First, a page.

Budget airline Ryanair are cancelling between 40 and 50 flights a day for the next six weeks to deal with a back log of employee leave.
Up to 9,000 travellers are expected to be affected by Ryanair’s plans, which will cut under two per cent of all departures while they give their staff the time off they’re due.
Yesterday the airline cut 82 flights and they’re expected to cancel a further 80 today – no doubt infuriating passengers looking forward to paying extortionate prices for a 250 ml can of beer while 30,000 feet in the air.
Some p’d off passengers took to Twitter to complain about the airline and vent their fury at being left stranded in foreign countries – or having had their holiday plans ruined:
Don't book again with them folks! Mine was cancelled in Lisbon as boarding sun. Has to pay €650 for accom & new flight as was stranded!!!
— Peter Leech (@leechieboy) September 15, 2017
I have 50 wedding guest flying by ryainair soon. All pre paid. I assume we get refunded their food?
— Bianca's travel blog (@welgraaf) September 16, 2017
Agreed this is just disgraceful ……It is not like u can take a taxi to recoup the journey …Disgraceful behaviour by a so called company
— Julie young (@Julieyo28145996) September 15, 2017
Stop mugging people off and issue a list of all future cancellations 72 hours notice is not good enough .
— Pepe (@NeverbuyTheSun) September 15, 2017
We got no notice and have to stay an extra 3 days in Rome with no help or support from @Ryanair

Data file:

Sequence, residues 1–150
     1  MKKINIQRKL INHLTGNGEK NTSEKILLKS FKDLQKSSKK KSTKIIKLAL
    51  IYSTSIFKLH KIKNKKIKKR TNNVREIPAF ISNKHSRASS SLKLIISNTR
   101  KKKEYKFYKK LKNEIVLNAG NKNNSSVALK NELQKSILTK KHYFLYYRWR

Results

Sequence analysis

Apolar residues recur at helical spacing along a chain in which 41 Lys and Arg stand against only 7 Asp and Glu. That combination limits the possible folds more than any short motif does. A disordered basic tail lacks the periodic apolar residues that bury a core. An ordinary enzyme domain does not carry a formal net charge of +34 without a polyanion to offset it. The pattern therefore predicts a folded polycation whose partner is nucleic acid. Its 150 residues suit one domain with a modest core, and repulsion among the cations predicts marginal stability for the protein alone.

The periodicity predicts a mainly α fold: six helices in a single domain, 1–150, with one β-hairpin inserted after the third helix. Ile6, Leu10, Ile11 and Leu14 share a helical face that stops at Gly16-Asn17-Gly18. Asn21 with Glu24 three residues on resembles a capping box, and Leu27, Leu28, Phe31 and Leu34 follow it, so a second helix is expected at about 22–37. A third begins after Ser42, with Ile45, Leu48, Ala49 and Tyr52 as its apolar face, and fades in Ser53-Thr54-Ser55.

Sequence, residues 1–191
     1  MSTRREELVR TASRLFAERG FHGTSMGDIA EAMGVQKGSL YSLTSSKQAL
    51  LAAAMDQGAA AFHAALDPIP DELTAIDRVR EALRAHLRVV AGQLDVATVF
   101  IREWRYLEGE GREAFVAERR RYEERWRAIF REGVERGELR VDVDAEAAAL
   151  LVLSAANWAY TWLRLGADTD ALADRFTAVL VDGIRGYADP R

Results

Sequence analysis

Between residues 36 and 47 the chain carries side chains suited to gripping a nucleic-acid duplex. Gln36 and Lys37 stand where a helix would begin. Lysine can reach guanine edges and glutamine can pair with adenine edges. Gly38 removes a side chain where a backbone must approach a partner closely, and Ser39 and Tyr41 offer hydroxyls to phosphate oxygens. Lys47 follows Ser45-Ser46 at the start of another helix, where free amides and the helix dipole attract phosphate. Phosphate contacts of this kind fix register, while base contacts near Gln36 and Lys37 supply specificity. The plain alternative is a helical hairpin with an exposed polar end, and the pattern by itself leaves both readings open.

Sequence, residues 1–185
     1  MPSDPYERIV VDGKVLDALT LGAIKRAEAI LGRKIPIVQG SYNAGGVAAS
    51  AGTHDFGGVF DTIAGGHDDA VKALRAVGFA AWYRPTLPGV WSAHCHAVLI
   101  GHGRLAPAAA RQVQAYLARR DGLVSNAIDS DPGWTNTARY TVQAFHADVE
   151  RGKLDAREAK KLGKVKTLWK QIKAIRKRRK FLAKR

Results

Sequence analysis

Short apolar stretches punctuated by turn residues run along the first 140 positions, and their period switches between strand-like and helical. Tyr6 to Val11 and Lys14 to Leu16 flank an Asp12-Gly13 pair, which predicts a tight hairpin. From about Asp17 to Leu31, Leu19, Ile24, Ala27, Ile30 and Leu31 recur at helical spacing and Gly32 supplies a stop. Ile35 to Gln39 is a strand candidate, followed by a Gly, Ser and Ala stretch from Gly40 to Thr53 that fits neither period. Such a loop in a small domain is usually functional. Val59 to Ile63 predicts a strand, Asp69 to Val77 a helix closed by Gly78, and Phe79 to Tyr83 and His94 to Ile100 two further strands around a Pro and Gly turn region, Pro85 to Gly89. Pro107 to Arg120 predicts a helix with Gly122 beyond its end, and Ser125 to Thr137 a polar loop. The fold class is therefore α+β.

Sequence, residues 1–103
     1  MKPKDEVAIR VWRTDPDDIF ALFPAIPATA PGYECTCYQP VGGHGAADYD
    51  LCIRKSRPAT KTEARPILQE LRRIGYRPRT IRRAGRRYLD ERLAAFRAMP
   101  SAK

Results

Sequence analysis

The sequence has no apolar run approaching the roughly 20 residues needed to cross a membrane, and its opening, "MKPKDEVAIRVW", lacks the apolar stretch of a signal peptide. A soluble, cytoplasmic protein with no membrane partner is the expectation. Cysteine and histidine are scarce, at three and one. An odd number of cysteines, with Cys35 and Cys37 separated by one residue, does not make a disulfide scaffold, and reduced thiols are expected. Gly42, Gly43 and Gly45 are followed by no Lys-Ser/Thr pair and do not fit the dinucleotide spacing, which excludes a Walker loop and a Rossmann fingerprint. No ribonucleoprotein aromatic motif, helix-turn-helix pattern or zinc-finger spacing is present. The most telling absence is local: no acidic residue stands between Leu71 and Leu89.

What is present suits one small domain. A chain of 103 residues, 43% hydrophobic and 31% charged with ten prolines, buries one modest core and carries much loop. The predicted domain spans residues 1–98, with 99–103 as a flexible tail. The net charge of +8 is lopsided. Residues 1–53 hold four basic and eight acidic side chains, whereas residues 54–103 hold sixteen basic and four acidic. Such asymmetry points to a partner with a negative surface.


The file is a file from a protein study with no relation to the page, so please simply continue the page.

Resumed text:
— Alexander J. Currie (@AlexCurrie1991) September 15, 2017
Ryanair has apologised for any inconvenience caused and released the following statement:
Ryanair’s on-time performance has declined from 90 per cent to under 80 per cent over the past two weeks, a figure that is unacceptable to Ryanair and its customers.
By reducing its scheduled flying programme over the next six weeks by less than two per cent (of its over 2,500 daily flights), the airline will create additional standby aircrafts which will help restore on-time performance to its 90% average.
All affected customers are expected to be contacted directly and will be offered either alternative flights or a full refund.
More of a concept than a journalist, Tom Percival was forged in the bowels of Salford University from which he emerged grasping a Masters in journalism.
Since then his rise has been described by himself as ‘meteoric’ rising to the esteemed rank of Social Editor at UNILAD as well as working at the BBC, Manchester Evening News, and ITV.
He credits his success to three core techniques, name repetition, personality mirroring, and never breaking off a handshake.